Russia has become the latest country to confirm that it will withdraw from the International Criminal Court (ICC), following a directive signed by President Vladimir Putin.
Reeling under recent withdrawals by three African countries, the ICC has found itself in a sticky position, as it fights tooth and nail to justify its relevance and impartiality, amidst threats by more countries to quit the Court.
According to CNN, in a statement the Russian Foreign Ministry said the ICC has “failed to meet the expectations to become a truly independent, authoritative international tribunal”.
Russia reportedly described the ICC as “ineffective,” arguing that “during the 14 years of the court’s work it passed only four sentences having spent over a billion dollars”.
Russia’s argument that the ICC has essentially failed to “become truly independent” gives clout to accusations by three African countries, which recently announced their withdrawal from the Court. Last month (October) South Africa notified the United Nations (UN) of its intention to sever ties with the Hague-based court arguing that the ICC’s interpretation of its mandate is often “incompatible” with “peaceful resolution of conflicts”.
Barely days after South Africa announced its plan to quit the ICC, The Gambia also announced its intention to withdraw from the Court accusing the ICC of “persecution and humiliation of people of colour, especially Africans”. The Gambian Information Minister Sheriff Bojang also accused the ICC of prosecutorial bias, skewed against Africans while ignoring war crimes perpetrated by Western powers. In another case, Burundi’s parliament voted overwhelmingly in support of legislation to withdraw from the Rome Statute.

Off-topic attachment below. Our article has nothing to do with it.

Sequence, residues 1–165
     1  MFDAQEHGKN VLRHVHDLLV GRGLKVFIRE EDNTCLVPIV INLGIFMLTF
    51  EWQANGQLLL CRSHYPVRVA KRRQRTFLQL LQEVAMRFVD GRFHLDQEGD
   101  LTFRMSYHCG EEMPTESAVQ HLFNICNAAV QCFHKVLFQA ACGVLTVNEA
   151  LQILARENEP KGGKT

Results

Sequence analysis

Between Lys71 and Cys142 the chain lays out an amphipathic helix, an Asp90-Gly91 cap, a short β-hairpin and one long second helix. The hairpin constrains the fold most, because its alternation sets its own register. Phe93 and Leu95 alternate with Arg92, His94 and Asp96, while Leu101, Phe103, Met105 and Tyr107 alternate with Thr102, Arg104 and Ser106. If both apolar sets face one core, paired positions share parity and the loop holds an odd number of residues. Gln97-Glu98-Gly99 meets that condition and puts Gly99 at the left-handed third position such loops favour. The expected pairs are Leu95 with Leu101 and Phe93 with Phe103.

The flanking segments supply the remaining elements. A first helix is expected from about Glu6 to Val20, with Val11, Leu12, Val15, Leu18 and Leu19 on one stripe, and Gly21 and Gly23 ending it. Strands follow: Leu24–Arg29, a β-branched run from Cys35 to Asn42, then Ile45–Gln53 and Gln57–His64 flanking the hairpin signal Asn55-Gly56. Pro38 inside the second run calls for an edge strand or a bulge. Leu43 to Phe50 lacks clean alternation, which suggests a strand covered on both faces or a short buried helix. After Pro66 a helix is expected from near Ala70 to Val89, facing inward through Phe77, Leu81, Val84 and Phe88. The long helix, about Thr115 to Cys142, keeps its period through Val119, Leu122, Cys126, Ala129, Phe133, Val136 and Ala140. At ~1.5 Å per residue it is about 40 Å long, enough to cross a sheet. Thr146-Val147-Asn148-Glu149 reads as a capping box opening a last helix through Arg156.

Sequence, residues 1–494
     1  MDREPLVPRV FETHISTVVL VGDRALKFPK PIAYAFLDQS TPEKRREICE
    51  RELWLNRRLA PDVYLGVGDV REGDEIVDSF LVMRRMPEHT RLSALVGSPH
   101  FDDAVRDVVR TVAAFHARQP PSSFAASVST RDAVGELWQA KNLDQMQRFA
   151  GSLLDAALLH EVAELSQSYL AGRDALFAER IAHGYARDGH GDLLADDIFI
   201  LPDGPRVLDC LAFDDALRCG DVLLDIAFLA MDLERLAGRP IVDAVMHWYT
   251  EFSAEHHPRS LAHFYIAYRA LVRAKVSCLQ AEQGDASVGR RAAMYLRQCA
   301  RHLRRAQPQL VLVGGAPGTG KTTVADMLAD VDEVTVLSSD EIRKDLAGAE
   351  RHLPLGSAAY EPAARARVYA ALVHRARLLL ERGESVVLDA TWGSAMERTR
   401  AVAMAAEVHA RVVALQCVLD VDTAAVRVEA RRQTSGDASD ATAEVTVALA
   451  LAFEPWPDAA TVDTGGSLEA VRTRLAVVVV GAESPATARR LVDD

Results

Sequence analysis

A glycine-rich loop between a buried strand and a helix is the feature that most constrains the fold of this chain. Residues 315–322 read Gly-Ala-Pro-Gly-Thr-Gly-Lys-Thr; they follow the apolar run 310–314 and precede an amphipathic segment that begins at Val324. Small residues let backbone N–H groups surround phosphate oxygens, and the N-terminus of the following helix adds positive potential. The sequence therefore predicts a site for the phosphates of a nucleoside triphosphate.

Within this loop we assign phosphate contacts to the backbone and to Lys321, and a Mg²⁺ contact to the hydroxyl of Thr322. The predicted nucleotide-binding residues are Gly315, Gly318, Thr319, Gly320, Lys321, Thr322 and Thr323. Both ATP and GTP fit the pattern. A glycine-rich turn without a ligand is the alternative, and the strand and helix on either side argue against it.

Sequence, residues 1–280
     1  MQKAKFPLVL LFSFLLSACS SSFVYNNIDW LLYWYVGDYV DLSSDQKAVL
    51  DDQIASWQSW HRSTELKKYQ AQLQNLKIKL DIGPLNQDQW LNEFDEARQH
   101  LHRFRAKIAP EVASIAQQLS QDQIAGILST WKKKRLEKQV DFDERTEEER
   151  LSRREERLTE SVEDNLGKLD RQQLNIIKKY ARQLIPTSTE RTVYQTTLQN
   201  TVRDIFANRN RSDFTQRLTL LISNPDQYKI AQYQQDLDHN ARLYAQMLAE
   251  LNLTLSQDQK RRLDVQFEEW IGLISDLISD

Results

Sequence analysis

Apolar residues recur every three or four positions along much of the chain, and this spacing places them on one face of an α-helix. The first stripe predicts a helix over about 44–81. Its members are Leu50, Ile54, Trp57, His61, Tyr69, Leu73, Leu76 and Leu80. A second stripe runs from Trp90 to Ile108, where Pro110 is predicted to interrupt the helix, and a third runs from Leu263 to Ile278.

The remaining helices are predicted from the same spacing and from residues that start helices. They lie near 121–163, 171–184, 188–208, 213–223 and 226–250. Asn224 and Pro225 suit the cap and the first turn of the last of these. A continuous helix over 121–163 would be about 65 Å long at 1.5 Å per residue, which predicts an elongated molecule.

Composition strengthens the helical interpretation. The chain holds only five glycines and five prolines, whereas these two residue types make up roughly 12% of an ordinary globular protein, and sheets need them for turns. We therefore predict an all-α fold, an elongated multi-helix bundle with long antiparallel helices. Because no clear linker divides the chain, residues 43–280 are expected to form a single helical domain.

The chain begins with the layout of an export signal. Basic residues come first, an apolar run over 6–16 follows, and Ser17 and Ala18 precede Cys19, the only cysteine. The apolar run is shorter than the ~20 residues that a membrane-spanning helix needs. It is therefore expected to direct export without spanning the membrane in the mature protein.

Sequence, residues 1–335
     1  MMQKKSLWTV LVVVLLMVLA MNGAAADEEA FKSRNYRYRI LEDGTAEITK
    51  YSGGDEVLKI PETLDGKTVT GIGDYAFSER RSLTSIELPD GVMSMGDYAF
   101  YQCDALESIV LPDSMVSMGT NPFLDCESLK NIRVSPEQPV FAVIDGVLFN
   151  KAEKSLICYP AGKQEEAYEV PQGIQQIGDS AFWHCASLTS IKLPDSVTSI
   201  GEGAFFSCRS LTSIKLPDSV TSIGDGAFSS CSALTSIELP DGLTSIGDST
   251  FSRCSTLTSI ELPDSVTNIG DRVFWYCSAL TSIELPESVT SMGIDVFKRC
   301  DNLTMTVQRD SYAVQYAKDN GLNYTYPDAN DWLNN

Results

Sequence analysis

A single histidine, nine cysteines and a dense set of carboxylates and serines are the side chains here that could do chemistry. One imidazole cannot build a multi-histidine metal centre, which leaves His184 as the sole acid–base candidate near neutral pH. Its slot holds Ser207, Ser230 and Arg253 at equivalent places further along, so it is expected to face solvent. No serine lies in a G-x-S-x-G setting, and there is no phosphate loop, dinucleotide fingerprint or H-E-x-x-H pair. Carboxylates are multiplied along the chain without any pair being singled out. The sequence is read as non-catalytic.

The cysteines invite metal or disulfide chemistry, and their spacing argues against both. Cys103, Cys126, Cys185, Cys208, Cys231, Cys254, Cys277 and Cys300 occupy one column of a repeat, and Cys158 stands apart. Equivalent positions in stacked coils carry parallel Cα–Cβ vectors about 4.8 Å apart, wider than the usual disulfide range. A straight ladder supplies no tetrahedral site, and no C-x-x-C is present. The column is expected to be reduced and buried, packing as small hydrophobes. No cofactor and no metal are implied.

Although other African countries such as Botswana have reiterated their support of the Rome Statute, the Court faces a bleak future, which threatens its effectiveness, and ultimately its survival. Botswana recently threw its weight in support of the ICC, saying the “Rome Statute is the most appropriate platform for States Parties to address any concerns they may have regarding the implementation of the Statute”.
While African leaders have in the past criticised the ICC for its perceived skewed and racist prosecutorial strategy targeting Africans, most countries seem to have adopted a wait-and-see cautious approach.
However, there is a big chance that more Africa countries could follow in the footsteps of Russia, South Africa, The Gambia and Burundi unless the ICC swiftly moves to reform the institution, addressing the concerns raised by state parties such as perceived prosecutorial bias among others.